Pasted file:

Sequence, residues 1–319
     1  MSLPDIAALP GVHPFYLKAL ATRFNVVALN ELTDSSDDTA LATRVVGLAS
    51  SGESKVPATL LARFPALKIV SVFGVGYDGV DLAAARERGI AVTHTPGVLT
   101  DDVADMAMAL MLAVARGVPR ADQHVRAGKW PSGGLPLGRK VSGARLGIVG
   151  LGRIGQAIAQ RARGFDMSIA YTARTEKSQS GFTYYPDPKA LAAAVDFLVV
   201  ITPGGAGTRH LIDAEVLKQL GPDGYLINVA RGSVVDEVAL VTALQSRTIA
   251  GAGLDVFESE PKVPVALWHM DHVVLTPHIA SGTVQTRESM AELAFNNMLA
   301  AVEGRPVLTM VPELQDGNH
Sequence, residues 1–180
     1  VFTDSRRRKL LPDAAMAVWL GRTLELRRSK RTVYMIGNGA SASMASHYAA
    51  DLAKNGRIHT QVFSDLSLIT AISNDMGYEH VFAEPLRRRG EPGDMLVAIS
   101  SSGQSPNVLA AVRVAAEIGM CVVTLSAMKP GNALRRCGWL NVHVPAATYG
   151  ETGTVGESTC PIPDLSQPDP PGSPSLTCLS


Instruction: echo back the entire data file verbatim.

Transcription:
Sequence, residues 1–319
     1  MSLPDIAALP GVHPFYLKAL ATRFNVVALN ELTDSSDDTA LATRVVGLAS
    51  SGESKVPATL LARFPALKIV SVFGVGYDGV DLAAARERGI AVTHTPGVLT
   101  DDVADMAMAL MLAVARGVPR ADQHVRAGKW PSGGLPLGRK VSGARLGIVG
   151  LGRIGQAIAQ RARGFDMSIA YTARTEKSQS GFTYYPDPKA LAAAVDFLVV
   201  ITPGGAGTRH LIDAEVLKQL GPDGYLINVA RGSVVDEVAL VTALQSRTIA
   251  GAGLDVFESE PKVPVALWHM DHVVLTPHIA SGTVQTRESM AELAFNNMLA
   301  AVEGRPVLTM VPELQDGNH
Sequence, residues 1–180
     1  VFTDSRRRKL LPDAAMAVWL GRTLELRRSK RTVYMIGNGA SASMASHYAA
    51  DLAKNGRIHT QVFSDLSLIT AISNDMGYEH VFAEPLRRRG EPGDMLVAIS
   101  SSGQSPNVLA AVRVAAEIGM CVVTLSAMKP GNALRRCGWL NVHVPAATYG
   151  ETGTVGESTC PIPDLSQPDP PGSPSLTCLS